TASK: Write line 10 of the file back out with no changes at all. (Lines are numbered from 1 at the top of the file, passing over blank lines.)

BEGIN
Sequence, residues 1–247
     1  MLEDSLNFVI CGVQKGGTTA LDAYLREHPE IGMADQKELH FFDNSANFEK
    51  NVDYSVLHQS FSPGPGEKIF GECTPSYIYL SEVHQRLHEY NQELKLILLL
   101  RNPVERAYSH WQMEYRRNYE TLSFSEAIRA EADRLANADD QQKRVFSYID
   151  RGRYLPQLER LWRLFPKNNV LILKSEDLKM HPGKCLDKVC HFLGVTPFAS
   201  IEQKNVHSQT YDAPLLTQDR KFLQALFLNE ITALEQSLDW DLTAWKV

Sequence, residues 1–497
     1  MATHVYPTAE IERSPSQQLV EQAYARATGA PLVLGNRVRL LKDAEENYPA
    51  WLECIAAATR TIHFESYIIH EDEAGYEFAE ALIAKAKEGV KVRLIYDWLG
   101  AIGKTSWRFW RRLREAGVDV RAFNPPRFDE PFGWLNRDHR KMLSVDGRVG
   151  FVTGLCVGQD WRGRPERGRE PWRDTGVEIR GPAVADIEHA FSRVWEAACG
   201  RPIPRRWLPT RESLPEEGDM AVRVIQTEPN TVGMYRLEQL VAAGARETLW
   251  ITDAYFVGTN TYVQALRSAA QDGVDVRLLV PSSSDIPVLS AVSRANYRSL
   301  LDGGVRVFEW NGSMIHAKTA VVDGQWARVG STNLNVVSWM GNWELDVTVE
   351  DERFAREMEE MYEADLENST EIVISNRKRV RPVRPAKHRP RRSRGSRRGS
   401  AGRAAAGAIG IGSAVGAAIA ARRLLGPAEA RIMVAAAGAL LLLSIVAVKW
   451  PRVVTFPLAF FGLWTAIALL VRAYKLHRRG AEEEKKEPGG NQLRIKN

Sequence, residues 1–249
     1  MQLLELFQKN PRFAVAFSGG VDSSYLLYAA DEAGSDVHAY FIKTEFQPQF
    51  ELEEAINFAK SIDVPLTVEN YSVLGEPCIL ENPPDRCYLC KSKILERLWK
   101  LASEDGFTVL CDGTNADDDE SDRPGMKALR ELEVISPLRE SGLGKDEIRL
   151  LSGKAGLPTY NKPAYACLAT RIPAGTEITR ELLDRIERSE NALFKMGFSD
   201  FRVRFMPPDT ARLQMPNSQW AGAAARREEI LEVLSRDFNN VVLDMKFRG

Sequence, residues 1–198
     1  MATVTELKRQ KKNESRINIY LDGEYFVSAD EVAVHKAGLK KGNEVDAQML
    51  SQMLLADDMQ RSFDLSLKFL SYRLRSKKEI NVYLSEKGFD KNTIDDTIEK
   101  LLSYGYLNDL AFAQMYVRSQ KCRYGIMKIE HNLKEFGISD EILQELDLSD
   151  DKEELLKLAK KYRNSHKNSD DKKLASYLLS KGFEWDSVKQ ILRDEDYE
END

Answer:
   101  AIGKTSWRFW RRLREAGVDV RAFNPPRFDE PFGWLNRDHR KMLSVDGRVG